The USDA Will Propose Standards for US-Raised Organic Seafood This Year

The aquaculture industry, as seafood farming is known, will need to review how to deal with feeding an organic seafood supply

Photo Sasabune Omakase Modified: Flickr/erin/CC 4.0

Seafood like salmon, tilapia, shrimp, oysters, and clams would be addressed under the farming standards. 

The United States Department of Agriculture is finally ready to introduce standards for organic seafood raised in the United States, including “salmon, tilapia, catfish, shrimp and mollusks such as mussels, oysters and clams,” reports The Associated Press.

The standards will be proposed later this year, though the earliest that organic seafood would reach grocery stores is two years, if both the USDA and American seafood companies work quickly. The new guidelines would help the United States better compete with cheaper imports, and the higher prices of organic seafood would benefit retailers.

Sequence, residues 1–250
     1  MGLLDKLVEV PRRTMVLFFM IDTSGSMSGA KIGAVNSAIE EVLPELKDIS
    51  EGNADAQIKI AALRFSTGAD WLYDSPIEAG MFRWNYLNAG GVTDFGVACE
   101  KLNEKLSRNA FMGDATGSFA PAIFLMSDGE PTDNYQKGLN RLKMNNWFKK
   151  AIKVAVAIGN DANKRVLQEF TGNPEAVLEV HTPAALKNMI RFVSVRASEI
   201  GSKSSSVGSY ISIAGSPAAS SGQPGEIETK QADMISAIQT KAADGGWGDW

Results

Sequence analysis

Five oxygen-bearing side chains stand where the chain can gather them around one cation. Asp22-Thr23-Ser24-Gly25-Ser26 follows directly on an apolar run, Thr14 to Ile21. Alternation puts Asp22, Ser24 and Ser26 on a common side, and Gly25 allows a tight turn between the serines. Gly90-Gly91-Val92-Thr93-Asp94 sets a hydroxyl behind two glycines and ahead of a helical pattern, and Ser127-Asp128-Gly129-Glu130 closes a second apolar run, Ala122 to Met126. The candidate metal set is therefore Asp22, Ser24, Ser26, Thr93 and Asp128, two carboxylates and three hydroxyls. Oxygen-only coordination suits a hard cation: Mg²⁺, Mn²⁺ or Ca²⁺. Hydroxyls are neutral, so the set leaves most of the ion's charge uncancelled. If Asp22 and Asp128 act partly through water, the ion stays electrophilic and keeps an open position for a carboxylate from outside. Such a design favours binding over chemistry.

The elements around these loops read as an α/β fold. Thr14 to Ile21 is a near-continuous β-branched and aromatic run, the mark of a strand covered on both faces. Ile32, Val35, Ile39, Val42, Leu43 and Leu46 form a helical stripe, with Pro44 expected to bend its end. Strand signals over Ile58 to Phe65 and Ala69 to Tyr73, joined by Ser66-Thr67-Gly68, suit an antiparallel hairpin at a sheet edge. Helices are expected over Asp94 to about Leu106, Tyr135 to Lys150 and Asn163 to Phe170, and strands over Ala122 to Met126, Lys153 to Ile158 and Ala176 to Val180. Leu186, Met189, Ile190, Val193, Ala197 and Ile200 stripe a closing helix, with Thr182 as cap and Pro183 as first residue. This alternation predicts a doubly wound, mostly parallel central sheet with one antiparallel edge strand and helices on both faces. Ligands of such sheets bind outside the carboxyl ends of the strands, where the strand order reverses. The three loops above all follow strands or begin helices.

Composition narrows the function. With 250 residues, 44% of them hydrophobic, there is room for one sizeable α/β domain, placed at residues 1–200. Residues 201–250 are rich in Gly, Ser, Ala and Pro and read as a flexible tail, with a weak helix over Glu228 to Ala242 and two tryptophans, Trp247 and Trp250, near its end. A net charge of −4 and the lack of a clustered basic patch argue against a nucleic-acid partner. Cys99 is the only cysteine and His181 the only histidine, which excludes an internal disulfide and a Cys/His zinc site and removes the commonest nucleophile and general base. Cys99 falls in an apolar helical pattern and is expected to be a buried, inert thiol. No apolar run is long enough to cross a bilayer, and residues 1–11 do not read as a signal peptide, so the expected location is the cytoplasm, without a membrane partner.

Thus far, organic grocers have imported organic seafood from the European Union and Canada. Organic shoppers “skew to higher income and education which makes them extremely desirable,” Dave Wagner, vice president of seafood merchandizing for Wegmans, told the AP. Currently, Wegmans offers organic seafood imported from Norway and elsewhere.

Marine conservationists and seafood farmers are unsure whether the USDA standards will be successful — and some have argued that while a fish may be sustainably sourced, it cannot be considered organic unless its diet is also 100 percent organic. In that case, farmers may need to breed organic fish to feed organic fish, which could quickly become untenable.

“You can't magically wave a wand and expect an organic supply chain to appear,” Neil Sims, a Hawaiian fish farmer, told the AP.  

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